Most modern cars these days carry a range of technological advancements, from the state-of-the-art infotainment systems that provide a seamless and refined entertainment experience to mechanical components such as electronic parking brakes and digital shifters which ditches the traditional lever.
While a manual gearbox only entails the gear numbers and reverse, cars with automatic transmissions, on the other hand, typically support the Park, Reverse, Neutral, and Drive layout on its shifter. Some would even include Low drive, Sport, or even a Manual mode.
Majority of the models being sold in the Philippine market still sport a traditional automatic gear shifter, though it is worth noting that some brands are slowly ditching these lever-type units for digital gear shifters. Notably, economy cars like the Geely Coolray and Honda CR-V come equipped with digital gear shifters.
Today, we now have different mechanisms to shift an automatic transmission, and we shall compare the good old traditional gear shifter with a more modern digital gear shifter.
A traditional automatic stick shift
As mentioned, most cars in the market still carry this familiar mechanism. So in order to go through the different modes, the driver must take hold of the stick shift and then move it to the desired position, simple as that.
Traditional automatic gear shifters usually vary in terms of the PRNDL or S layout. Upon observation, vehicles like the Honda Brio get a straight up layout which seems a bit less complicated to shift and navigate through the different modes.
The Toyota Vios, on the other hand, gets a more complicated layout. Perhaps it’s best to compare it with a maze. Having a gate-type layout might take a bit of getting used to, but it does hold some advantages including the prevention of accidentally moving the gear level, a common mistake that is often committed on automatic gear levers with a straight layout.
Some automatic transmissions come with a manual mode, and as for the case of a traditional stick shift, the plus and minus could either be integrated onto the gearbox or the manufacturer could provide paddle shifters which are placed behind the steering wheel.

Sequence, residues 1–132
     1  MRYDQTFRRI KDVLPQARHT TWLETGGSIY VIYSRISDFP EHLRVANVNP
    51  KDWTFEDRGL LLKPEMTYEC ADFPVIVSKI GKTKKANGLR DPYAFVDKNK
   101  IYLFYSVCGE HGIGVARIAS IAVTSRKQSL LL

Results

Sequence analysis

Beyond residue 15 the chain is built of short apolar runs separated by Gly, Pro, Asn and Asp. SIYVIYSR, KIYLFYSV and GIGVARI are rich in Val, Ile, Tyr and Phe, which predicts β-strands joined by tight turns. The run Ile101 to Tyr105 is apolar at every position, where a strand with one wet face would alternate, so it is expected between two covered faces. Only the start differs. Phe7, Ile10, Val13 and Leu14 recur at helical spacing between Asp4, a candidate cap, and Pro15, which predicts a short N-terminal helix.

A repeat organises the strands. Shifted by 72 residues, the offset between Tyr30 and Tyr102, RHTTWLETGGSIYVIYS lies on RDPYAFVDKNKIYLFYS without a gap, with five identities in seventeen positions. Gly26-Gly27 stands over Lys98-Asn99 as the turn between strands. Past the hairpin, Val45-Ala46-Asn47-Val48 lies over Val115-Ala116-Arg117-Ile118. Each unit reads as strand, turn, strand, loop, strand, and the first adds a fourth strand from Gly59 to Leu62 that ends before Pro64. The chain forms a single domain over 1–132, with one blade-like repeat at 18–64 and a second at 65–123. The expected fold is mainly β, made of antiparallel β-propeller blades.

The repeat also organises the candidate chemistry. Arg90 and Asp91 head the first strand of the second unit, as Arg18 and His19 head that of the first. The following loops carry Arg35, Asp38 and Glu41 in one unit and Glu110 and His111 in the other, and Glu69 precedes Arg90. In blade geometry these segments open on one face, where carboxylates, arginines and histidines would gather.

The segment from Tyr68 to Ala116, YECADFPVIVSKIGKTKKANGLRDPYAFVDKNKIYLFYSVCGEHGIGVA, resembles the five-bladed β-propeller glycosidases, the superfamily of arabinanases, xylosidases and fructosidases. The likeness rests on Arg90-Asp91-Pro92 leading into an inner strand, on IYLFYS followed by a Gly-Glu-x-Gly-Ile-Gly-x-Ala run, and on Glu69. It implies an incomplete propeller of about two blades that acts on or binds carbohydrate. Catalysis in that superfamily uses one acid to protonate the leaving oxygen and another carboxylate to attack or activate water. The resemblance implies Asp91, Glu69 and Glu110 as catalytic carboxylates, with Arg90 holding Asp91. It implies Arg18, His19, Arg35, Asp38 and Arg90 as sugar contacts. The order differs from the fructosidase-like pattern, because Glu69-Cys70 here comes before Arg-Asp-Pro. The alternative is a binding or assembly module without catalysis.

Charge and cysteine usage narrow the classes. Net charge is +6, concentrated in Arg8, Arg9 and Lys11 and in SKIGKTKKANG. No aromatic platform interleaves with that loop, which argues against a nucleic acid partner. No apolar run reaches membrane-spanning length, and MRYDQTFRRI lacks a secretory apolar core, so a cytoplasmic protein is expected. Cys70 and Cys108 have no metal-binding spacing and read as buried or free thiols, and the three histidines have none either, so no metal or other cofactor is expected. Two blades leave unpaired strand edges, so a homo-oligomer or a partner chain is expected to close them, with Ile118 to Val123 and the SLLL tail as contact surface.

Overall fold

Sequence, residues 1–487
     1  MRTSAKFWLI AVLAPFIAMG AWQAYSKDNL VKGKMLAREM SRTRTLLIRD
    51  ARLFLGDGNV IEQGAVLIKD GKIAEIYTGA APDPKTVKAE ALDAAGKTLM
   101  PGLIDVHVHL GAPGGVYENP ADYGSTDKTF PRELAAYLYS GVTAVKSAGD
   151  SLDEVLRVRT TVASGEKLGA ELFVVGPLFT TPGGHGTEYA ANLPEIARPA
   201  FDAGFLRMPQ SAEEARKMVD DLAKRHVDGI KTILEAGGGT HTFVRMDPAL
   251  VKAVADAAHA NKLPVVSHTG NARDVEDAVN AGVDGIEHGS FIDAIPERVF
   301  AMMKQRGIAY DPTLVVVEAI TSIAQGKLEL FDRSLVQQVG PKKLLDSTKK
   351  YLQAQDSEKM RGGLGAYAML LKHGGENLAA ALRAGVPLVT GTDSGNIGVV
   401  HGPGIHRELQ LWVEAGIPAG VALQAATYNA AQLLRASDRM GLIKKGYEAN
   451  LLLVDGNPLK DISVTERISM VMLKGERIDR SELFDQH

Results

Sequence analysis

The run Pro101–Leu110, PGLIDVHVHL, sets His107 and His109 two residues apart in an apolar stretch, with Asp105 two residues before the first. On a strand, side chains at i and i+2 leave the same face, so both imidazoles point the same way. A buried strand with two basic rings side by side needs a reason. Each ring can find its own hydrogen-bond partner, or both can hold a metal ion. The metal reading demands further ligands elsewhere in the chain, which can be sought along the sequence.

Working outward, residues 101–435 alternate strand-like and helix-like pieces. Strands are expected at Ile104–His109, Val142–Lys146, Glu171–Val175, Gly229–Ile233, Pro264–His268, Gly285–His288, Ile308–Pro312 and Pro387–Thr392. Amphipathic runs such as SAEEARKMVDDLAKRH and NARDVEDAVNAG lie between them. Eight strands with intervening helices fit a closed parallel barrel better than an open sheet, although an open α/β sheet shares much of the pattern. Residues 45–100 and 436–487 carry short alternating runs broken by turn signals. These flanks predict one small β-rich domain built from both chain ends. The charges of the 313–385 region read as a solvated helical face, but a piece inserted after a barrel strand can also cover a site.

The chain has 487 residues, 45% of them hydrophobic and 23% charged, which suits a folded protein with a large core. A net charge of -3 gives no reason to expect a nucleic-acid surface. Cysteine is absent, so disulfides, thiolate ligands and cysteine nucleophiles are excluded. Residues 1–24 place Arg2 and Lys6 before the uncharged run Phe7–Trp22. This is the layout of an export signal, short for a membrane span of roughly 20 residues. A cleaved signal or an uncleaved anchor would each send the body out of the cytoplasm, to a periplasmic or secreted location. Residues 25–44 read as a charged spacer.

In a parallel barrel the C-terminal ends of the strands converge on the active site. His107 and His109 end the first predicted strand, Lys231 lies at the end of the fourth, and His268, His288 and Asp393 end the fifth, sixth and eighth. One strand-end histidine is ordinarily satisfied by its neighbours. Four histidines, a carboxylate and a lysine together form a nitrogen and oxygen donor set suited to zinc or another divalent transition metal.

The more modern digital gear shifter
Not only luxury cars but even economy models come with a digital gear shifter. Unlike the traditional automatic gear lever which can only be used through one mechanism, a digital gear shifter does have several of its kind, from the Monostable shifter to the push button shifter.
First up, is the joystick or monostable shifter. In terms of execution, the overall layout retains the gear knob, comparing this with a traditional automatic stick shift, a joystick won’t be repositioned once you go through the different modes. In other words, it has a fixed position, and the only thing you can do is either toggle it up or down to your desired mode. In order to engage it in park, you can simply just press the ‘P’ button on the shifter. There is a pattern drawn on the lever which should serve as your guidance through toggling the different modes.
Next up is the rotary shifter. From the word itself, this type of digital gear shifter is operated by rotating the rotary knob. Aside from its high-tech approach, the design and integration of the rotary shifter does serve as a space saver.
Aside from Jaguar and Land Rover vehicles, the Ford Expedition also comes with a rotary shifter that does complement its premium stance.
Third on the list is the push-button shifter. So unlike the first two digital shifters, this automatic shifter can be operated through a push of a button. Basically, each button corresponds to a respective mode. Like the rotary unit, the push-button shifter was also designed as a space saver.
One of the few economy models in the market with this feature is the diesel variants of the Honda CR-V.
Lastly, the stalk shifter. Probably one of the rarest digital shifters within the market. It sort of operates like the joystick or monostable shifter, what’s different though is that the shifter itself is cleverly mounted on the steering column. As of now, economy models in the local market do not come with this kind of shifter, instead, it can be had on select BMW and Mercedes models.
Truth be told, the following digital shifters would require some getting used to, especially if you came from a traditional automatic gear lever or even from driving a manual. Either way will work just fine, it’s only the execution that varies. That said, all of these shifters will perform its generic function of allowing drivers to go through the PRNDL or S modes.